Pastoral Industry

The pastoral industry was pioneered by James Willis. Willis drove the first consignment of cattle to the district in 1896. He did this in association with a man named Tulloch. The sheep were sold to the prospectors but later to the butcher shops. Stations in the early days were established for this purpose and not for wool production. The first pastoral lease was taken up by a Mr Boyes who selected what is known as the Ten Mile on Clover Downs Station. It was not until 1925 that there came an influx of woolgrowers from the Eastern States, who purchased quite a number of properties for the purpose of raising sheep.

Social & Civic Activities


In January 1898, the Mount Leonora Board of Health was formed. One of their first tasks was to improve the sanitation of the new town. A private hospital had existed in Leonora from October 189. Early in 1899, the first public hospital. was erected. It was of timber and hessian construction and there was one sister on duty. In December 1899, Dr Healy was appointed as the first Medical Officer. In February 1907, a new brick operating theatre was opened by Mayor Snell. In 1914, a major addition was opened being a maternity ward. In 1918, Malcolm hospital buildings were transported by jinker into Leonora and re-erected.


The first water scheme was completed in 1902. This consisted of pumping water by a large windmill to a reservoir on top of Tank ('Smoodgers') Hill, and thence reticulated around the town. The first Mayor, Mr Snell, then initiated the Station Creek Water Scheme. Snell also got the Steam Tram Service running in 1903 between Leonora and Gwalia. The electric lighting system was put in by Noyes Bros in 1907, the constructing engineer being Mr W. Johns.

Outside Influences

On 19 January 1921, producer gas leaking from one of the Sons of Gwalia powerhouse engines exploded. The powerhouse and mill buildings were ablaze. Effort was concentrated on saving the winder and external machinery. Insurance covered the loss and a new plant was built. A lot of men were put off, however, by the time full production was resumed in mid 1922, nearly everyone had jobs again.

1930 - 1963

The end of this period is marked by the closure of the Sons of Gwalia mine, an event that was to have a significant effect on both Gwalia and Leonora.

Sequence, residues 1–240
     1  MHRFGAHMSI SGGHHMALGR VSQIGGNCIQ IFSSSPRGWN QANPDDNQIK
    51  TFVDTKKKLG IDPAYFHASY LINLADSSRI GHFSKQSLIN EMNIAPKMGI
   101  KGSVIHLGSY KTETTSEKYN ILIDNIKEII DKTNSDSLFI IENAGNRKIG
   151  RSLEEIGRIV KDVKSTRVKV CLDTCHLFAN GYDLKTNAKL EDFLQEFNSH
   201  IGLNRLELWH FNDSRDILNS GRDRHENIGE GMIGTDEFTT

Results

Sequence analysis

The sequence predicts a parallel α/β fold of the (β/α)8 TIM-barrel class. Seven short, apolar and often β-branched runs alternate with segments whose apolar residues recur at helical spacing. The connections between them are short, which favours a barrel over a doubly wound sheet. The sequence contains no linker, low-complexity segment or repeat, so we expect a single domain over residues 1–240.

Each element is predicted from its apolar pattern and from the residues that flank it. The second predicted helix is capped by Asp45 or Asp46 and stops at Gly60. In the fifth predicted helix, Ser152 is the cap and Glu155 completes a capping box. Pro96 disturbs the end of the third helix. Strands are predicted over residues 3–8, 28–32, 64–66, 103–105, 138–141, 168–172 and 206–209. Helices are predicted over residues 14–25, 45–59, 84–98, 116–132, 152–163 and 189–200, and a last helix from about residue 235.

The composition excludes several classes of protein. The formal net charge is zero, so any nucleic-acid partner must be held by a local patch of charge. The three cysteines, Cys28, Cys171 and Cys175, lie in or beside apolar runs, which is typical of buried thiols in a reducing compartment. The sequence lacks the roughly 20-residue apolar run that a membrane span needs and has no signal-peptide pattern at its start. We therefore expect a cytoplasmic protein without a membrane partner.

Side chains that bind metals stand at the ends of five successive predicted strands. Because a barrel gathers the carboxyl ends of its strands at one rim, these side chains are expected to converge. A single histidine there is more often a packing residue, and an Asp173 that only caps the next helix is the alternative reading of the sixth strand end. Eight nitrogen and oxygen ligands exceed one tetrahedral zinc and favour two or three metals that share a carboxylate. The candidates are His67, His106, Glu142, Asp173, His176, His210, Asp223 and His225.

Mining Operations - Closure Of Sons Of Gwalia Mine

World War II bought labour shortages, exacerbated by the internment in 1940 of the Italian nationals amongst the workforce. Production fell sharply. The internal shaft at Sons of Gwalia was fitted with its own electric winder, and eventually reached 527ft in depth in 1948, making the mine's total vertical distance 3,778 feet.

The end of the war had not eased labour shortage. In an attempt to replace the Italians, few of whom had returned to Gwalia from the internment camps, the company shipped 67 miners directly from Italy in 1949, but only 31 of them were still at the mine a year later and recruitment of labour became a standing concern. By the 1950s, Sons of Gwalia was in its final- decline, battling hard to remain efficient: Mechanical scrapers and loader appeared in the stopes, replacing men wielding shovels. In 1955, underground horses were retired, and replaced by electric locomotives.

By 1963, in a bid to stay afloat, the company owed the State £366,000 and was running at a loss every year. On 6 December 1963, the directors met to consider the latest geological reports and learned that the ore in sight was of pore quality. There was no option but to close the mine.

On 13 December 1963, the announcement was made that the mine would close on New Year's Eve. An accident intervened on 27 December when an orecart was '" overwound, damaging the headframe, and putting the southern shaft out of action. Ore haulage ceased immediately, and the mine was finished.

The population of Leonora and Gwalia was about 1,700, of whom at least two­tbirds were financially dependent on the mine. The closure caused dislocation, but little distress, for the workforce of 250 were rapidly absorbed by the mines of Kalgoorlie-Boulder. The exodus began immediately, encouraged by concession railway fares and housing subsidies. When it closed at the end of 1963, the Sons of Gwalia mine was probably the sixth-largest gold producing mine in Australia's history, and one of the only two mines outside the 'Golden Mile' of Kalgoorlie-Boulder which could measure its gold output at over two million ounces.

Social & Civic Activities

In 1957, the Co-op closed in Gwalia, leaving Mazza's Store as the town's, one shop. The Pictures closed the following year, and the State Hotel was sold to a syndicate of local residents in 1960.

Outside Influences

State And Federal Government

The influence of State and Federal Government has pervaded almost every aspect of community life, including employment, education, welfare, health and transportation.

World Wars And Depression